30 Jan Battling Burnout and Self-Shame
“…Three things happen [when you get burned out]: you become chronically exhausted; you become cynical and detached from your work; and you feel increasingly ineffective on the job.”
– “The Truth About Burnout: How Organizations Cause Personal Stress and What to Do About It”
Does this sound like you, Mom? Chronically exhausted? Detached? Do you feel ineffective?
I get it. The school year is a marathon we’re almost squarely in the middle of right now. The happiness of the holidays is behind us and our collective vitamin D barometer is beyond empty, making SAD (seasonal affective disorder) a very real problem for a lot of us.
The struggle is REAL.
If we can just make it to the next break, right? If we can just make it to our next vacation that’ll fix it, right?
Actually, according to research, burnout is not intimidated by your Spring Break threats. The Journal of Organizational Behavior say “teachers’ work engagement significantly increased and teachers’ burnout significantly decreased after vacation. However, these beneficial effects faded out within one month.”
So it’s kind of like taking an Advil for a tumor. Awesome.
What do we do then? Well, according to Emma Seppala the science director at the Stanford Center for Compassion and Altruism Research and Education, nearly the entire world has “simply accepted overextension as a way of life.” In an interview with the New York Times, she says,
“We’re shooting ourselves in the foot. Biologically we are not meant to be in that high-stress mode all the time. We got lost in this idea that the only way to be productive is to be on the go-go-go mode.”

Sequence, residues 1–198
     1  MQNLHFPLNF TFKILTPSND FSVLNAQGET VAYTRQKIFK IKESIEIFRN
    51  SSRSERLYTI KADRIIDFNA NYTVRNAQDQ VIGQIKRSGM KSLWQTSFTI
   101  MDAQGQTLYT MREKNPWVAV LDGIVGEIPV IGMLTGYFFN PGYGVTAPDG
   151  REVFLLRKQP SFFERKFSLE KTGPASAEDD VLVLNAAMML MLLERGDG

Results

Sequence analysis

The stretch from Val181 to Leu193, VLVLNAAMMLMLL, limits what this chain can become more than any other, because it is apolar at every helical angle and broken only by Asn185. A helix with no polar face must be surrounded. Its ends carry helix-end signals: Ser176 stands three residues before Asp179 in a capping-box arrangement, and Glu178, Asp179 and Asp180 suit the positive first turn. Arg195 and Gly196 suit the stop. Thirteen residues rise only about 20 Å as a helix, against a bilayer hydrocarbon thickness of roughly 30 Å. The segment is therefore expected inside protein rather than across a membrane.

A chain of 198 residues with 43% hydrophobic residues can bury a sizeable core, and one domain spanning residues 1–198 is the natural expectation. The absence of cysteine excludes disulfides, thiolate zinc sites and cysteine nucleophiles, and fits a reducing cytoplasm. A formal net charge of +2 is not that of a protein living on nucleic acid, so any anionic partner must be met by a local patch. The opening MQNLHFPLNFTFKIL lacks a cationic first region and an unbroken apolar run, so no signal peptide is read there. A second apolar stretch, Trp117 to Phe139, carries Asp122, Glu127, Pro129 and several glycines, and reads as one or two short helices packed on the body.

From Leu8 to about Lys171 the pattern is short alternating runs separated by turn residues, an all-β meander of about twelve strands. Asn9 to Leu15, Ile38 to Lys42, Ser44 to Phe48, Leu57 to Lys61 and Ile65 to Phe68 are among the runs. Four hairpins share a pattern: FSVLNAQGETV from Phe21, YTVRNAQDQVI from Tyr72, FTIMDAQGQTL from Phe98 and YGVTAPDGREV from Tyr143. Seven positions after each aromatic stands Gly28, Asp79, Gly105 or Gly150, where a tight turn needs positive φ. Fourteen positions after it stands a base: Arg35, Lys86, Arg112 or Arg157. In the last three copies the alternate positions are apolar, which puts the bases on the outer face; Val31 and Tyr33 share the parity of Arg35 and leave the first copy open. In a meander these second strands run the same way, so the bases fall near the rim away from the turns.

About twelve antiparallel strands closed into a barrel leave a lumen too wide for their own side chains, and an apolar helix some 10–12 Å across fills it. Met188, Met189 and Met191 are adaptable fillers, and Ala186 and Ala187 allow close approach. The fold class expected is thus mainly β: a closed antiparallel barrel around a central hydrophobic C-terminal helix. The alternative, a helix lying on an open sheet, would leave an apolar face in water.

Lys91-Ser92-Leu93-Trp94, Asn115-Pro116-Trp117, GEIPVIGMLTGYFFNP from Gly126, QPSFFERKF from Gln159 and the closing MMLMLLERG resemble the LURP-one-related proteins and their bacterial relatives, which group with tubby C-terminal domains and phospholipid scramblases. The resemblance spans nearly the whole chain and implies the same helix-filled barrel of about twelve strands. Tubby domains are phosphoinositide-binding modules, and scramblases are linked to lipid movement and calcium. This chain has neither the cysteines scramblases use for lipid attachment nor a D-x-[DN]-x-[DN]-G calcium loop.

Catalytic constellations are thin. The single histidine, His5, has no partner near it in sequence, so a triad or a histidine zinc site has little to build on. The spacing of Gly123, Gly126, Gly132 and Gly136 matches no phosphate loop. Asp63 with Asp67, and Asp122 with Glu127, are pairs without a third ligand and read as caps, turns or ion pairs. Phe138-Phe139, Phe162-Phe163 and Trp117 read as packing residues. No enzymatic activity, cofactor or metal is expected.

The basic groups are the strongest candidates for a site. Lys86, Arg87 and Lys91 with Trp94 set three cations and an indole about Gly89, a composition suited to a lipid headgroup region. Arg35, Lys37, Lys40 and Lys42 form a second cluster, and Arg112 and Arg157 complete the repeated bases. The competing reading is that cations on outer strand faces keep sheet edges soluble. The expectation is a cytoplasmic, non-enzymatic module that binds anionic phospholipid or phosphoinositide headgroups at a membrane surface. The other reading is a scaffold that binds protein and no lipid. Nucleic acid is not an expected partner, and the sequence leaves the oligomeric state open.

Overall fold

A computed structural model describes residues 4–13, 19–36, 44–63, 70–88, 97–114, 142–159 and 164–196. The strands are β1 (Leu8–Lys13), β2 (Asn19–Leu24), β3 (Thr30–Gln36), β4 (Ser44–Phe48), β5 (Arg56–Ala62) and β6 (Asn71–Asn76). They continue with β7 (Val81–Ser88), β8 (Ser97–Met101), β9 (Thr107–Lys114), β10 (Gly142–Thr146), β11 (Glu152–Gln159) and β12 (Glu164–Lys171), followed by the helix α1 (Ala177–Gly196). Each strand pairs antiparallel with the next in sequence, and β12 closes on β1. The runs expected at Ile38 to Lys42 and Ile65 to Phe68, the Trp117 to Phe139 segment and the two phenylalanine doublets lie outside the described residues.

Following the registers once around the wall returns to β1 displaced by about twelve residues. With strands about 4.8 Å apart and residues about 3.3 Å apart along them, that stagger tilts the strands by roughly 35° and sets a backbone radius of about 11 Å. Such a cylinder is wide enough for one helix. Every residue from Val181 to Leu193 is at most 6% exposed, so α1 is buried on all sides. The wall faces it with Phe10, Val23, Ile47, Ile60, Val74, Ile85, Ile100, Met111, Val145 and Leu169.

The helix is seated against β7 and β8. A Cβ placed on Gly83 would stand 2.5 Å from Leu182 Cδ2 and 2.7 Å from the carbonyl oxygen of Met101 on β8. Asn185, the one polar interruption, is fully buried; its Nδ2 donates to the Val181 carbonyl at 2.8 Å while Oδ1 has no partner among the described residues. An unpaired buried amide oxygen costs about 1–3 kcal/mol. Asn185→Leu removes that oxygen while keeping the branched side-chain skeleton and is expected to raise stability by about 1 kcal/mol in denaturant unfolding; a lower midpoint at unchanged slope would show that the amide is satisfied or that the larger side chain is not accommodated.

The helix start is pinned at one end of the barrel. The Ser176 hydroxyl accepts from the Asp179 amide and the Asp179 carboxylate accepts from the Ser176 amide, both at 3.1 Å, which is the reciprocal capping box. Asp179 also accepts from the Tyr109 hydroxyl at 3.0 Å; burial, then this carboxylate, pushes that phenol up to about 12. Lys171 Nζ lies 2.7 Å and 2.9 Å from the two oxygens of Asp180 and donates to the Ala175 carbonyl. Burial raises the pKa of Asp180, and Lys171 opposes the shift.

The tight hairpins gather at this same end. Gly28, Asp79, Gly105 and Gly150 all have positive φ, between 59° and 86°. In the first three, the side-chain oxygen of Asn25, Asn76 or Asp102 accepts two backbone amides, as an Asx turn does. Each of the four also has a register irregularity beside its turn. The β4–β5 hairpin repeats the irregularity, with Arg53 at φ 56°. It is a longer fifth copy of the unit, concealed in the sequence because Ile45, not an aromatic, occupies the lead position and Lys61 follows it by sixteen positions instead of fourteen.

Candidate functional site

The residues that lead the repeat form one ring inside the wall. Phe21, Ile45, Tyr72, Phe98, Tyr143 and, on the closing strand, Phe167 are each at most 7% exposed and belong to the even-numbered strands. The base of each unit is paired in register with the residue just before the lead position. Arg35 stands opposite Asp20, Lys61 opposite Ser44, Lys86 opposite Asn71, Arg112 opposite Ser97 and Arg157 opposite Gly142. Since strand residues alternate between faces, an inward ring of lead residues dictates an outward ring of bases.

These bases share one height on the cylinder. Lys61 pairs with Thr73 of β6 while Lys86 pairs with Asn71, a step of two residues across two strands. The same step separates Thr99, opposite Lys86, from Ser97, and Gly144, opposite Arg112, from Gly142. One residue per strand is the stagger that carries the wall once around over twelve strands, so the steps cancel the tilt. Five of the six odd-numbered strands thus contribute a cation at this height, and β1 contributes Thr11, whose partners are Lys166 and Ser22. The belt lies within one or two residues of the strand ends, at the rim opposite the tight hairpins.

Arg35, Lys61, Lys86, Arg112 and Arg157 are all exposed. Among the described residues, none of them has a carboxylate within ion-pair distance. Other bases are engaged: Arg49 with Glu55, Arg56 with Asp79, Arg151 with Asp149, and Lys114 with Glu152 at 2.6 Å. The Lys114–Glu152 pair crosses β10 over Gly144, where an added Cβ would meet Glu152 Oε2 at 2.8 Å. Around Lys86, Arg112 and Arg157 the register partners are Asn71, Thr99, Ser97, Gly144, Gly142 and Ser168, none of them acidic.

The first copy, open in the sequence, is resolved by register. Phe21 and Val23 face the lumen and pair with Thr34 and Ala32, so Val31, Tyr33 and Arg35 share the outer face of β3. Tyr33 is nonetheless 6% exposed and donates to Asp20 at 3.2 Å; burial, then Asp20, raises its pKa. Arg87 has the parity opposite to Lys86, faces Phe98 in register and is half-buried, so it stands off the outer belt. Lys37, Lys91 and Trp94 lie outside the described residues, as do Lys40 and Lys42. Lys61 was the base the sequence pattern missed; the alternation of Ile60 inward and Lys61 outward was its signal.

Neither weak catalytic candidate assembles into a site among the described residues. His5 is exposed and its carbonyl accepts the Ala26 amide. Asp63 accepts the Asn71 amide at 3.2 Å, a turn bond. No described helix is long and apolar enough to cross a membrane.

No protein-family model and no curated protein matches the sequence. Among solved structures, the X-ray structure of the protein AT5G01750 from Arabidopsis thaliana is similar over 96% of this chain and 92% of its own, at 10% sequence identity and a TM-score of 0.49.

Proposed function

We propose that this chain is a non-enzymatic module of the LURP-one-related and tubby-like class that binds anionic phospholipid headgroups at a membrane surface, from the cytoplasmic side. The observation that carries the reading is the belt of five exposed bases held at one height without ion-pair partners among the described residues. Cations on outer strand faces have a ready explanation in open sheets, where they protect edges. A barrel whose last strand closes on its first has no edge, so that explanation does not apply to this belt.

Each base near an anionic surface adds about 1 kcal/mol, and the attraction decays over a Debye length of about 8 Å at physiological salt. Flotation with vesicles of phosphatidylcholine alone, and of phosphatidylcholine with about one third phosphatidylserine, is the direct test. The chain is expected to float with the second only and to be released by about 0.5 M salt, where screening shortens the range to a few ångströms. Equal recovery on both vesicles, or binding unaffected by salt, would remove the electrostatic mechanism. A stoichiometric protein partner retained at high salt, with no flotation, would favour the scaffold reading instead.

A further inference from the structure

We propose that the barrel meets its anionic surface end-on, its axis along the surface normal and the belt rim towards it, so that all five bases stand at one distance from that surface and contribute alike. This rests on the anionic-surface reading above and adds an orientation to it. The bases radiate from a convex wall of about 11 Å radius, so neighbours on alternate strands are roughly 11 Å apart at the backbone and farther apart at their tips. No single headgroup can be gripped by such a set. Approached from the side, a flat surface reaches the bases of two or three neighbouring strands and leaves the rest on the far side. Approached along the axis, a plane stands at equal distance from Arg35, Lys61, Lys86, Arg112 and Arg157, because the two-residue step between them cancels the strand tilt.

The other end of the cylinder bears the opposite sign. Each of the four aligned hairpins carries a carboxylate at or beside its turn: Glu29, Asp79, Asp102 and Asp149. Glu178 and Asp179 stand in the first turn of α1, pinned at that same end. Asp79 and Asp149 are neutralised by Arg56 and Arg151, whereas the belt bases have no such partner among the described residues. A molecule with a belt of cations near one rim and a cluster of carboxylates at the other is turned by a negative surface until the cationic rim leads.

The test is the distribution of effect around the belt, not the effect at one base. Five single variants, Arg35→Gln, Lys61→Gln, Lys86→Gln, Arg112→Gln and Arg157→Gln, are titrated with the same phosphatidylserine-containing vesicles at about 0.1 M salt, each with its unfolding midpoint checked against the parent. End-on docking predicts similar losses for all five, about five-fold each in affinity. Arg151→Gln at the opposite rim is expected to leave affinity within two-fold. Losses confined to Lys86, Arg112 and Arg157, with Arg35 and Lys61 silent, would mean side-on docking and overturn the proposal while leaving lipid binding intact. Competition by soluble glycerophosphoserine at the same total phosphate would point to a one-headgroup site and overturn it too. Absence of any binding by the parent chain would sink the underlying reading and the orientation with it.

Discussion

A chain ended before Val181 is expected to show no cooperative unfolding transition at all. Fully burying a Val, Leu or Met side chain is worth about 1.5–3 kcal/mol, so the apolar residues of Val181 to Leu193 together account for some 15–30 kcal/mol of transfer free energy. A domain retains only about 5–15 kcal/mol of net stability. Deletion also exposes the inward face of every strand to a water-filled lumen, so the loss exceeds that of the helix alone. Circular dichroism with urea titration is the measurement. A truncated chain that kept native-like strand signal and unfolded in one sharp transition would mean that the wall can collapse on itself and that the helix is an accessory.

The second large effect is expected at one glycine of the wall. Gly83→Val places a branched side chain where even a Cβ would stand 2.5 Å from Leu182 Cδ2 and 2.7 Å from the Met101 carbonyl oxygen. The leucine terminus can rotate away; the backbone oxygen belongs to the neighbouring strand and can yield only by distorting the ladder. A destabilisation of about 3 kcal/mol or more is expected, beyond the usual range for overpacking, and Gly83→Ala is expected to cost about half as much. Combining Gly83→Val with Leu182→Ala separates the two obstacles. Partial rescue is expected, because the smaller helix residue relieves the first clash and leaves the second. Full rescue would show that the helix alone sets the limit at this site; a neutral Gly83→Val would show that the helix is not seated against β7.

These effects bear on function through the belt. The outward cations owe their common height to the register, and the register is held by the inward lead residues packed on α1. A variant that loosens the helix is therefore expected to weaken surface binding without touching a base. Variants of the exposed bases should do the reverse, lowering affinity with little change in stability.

Because homeschool moms and parents carry such a heavy responsibility, burnout can lead to damaging self-shame and internal dialogue that make the hole even deeper.
“I’m burnt out because I’m not strong enough…good enough…smart enough…qualified enough…capable enough.”
You’re not alone in this. Our brains crave explanations and often the only common denominator we find is us. But this is rarely accurate and always does more damage than good. So let’s, you and me, formulate a game plan for your next burn-out fueled, shame spiral.
- Focus on your breath – The moment when you hear that mean little voice in your head accusing you, turn your attention to your breath. 4 seconds in, 4 seconds out. Imagine you’re filling your brain with grace words only every time you inhale and blowing out unhelpful, shameful, death words with every exhale. After breathing for a while, begin to speak to yourself as you would a dear friend. Never would we even THINK about speaking to a dear friend the way we speak to and about ourselves! Be gentle.
- When was the last time you took a break? Even for just 5 minutes? A lot of research shows that you should take a 5-minute break after every 20 minutes of work. You need this and your student(s) also need this. If mom is frustrated and internally battling self-shame, kids pick up on that and will mirror you. Set an example. That atmosphere isn’t conducive to learning anyway so work smarter and circle back after a 5-minute break.
- Process with a mentor – Absolutely essential. Get a friend or, even better, a therapist who can help you unpack and speak back to negative self-talk.
- Make time for what makes you come alive – Make time for the hobby that helps you center yourself and de-stress.
- Shift your perspective – This is easier said than done but it is transformational. You GET to be your kids’ teacher. You GET to watch them, nurture them, cheer them on into the dynamic, creative people they were made to be. Would you have it any other way?
Burnout happens over time so it will require time to heal and recover. Be intentional, take care of yourself. The good news is: even in this you are teaching so show the little leaders in your house how to respond to burn out and shame. They’ll need those tools too.
How do you address burnout and self-shaming? Leave your tips and tricks in the comments below, someone might need to hear your words!